Who’s setting the direction? I want to.
Brothers like to scrap, I guess — until we’re attacked from outside. Then we rally and defend each other. Maybe we’re due for a good stiff dose of first-century persecution — for unity’s sake. It’s high time we revisit Jesus’ words to Peter, “… what is that to you? You follow Me!” (John 21.22) Conflict isn’t going to go away. We’re 21 centuries into the church and it’s still here. But we don’t HAVE to play by those selfish, prideful, power-hungry rules. We don’t have to climb at others’ expense. We can treat each other the way our Leader wants us to, even though we disagree with each other. And we have, we do and we will again.
James wrote to his readers – the very end of his letter.

My dear brothers and sisters, if anyone among you wanders away from the truth and is brought back again, [20] you can be sure that the one who brings that person back will save that sinner from death and bring about the forgiveness of many sins. James 5:19-20

I love this. Go get him. Go get her. Don’t scare him, don’t frighten her, endear and correct, return and restore if your brother is wrong. Just be sure before you begin (Matthew 7 is still pretty clear) and stay gentle (so is Matthew 18) .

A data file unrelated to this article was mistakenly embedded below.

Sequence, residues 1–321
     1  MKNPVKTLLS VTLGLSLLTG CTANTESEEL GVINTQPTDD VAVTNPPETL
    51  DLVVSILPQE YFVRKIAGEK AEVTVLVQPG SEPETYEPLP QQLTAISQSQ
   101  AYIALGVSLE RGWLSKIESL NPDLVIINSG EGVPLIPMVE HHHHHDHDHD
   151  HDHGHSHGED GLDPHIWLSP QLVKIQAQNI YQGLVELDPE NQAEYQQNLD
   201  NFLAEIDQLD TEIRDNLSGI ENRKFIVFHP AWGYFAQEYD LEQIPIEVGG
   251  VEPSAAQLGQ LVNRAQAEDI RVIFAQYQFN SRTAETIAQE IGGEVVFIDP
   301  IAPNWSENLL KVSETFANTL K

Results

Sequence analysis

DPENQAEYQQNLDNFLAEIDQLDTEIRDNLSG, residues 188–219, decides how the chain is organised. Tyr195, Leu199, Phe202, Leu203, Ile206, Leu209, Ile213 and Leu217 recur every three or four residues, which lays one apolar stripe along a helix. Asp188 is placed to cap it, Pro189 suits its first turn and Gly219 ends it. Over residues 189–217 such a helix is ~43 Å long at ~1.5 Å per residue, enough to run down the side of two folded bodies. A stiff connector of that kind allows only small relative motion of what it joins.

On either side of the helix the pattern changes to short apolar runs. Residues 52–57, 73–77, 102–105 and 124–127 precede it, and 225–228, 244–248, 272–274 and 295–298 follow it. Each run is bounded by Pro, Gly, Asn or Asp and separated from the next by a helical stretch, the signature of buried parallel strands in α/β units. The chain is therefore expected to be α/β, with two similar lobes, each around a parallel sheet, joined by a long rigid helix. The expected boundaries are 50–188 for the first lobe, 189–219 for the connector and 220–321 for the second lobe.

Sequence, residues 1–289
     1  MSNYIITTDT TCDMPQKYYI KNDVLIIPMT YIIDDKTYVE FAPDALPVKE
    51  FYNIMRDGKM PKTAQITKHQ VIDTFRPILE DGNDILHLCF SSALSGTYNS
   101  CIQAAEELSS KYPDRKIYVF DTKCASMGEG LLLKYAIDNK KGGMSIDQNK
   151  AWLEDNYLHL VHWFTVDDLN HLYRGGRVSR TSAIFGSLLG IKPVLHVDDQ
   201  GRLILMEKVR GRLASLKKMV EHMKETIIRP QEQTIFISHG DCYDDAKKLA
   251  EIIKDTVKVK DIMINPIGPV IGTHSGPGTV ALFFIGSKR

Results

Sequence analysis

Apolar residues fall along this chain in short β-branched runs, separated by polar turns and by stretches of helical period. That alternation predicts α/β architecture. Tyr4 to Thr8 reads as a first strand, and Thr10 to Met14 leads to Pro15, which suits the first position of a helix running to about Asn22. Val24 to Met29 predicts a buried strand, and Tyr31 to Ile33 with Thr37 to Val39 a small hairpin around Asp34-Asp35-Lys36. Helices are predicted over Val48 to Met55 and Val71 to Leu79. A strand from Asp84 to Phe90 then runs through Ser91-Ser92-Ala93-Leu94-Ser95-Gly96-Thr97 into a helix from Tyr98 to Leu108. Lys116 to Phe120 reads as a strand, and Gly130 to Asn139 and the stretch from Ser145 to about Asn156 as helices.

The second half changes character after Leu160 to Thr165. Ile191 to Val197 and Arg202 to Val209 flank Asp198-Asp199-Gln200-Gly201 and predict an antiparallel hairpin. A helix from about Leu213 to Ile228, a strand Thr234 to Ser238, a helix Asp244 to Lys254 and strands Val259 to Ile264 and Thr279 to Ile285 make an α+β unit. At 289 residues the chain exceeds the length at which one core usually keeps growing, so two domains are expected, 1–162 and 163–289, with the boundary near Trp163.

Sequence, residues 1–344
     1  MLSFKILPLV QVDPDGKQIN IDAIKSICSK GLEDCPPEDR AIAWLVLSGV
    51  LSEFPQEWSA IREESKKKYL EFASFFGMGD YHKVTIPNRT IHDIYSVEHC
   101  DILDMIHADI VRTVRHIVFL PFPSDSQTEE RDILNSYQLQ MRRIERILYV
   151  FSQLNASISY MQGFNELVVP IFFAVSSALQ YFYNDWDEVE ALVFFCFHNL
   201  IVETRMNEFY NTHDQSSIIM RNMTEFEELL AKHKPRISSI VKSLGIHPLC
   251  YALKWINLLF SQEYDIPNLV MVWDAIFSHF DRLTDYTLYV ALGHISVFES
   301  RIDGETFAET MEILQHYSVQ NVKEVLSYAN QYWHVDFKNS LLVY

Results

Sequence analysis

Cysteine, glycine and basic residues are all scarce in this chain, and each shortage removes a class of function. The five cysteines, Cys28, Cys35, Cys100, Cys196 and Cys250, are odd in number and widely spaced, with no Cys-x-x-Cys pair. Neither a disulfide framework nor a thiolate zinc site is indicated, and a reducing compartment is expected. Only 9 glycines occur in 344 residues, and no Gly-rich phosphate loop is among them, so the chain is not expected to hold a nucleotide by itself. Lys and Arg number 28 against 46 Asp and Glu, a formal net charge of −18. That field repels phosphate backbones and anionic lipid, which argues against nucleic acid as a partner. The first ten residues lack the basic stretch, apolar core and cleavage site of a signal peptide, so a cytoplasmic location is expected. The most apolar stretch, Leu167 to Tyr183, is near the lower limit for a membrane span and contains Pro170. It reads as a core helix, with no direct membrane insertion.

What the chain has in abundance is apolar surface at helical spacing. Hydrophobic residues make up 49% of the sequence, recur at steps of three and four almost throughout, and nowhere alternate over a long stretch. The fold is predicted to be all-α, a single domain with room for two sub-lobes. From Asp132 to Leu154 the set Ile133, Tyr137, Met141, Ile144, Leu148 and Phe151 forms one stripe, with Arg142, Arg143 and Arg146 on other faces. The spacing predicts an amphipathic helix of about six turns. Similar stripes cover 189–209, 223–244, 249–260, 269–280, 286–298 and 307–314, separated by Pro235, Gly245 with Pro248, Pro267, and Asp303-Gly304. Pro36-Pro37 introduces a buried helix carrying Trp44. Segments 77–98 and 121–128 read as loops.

I know this much for sure. Bringing someone back only happens by talking to them, never by picking them apart, talking about them on the radio, blasting them on TV, preaching against and writing about them. Trouble is, it’s easier to sit on the church roof and lob things at people than to discuss it across the table. This spring my church was blasted in the local conservative media for a four-minute segment of one of our Sunday morning services. They decided, though they weren’t there, that we had abandoned the faith, turned our back on Jesus Christ, and fallen into apostasy. We were blogged about, things went out over the radio and TV –all part of a national network– without so much as a phone call, Email or face to face conversation about the matter in question. Our leaders decided there was no reason to honor that onslaught with a response. Soft answers and no-answers turn away wrath and let the fire go out. I admire them for it. We’d rather spend the energy caring for the people we baptize each month, nurturing the baby Christians we have in our church because people share their faith in the everyday world, and helping people grow up in Christ. It hurt that no one called or stopped by. It really hurt; because we share the same Savior. But sniper-fire from the belfry is easier than conversation, I guess. For some, taking aim at brothers in the faith and squeezing off a round is their idea of fun. It’s sick, I know, but it is. (See Gal 6.1,2, Luke 15’s stories, 2 Tim. 3.1 – 4.8 and others for more to think about along these lines.)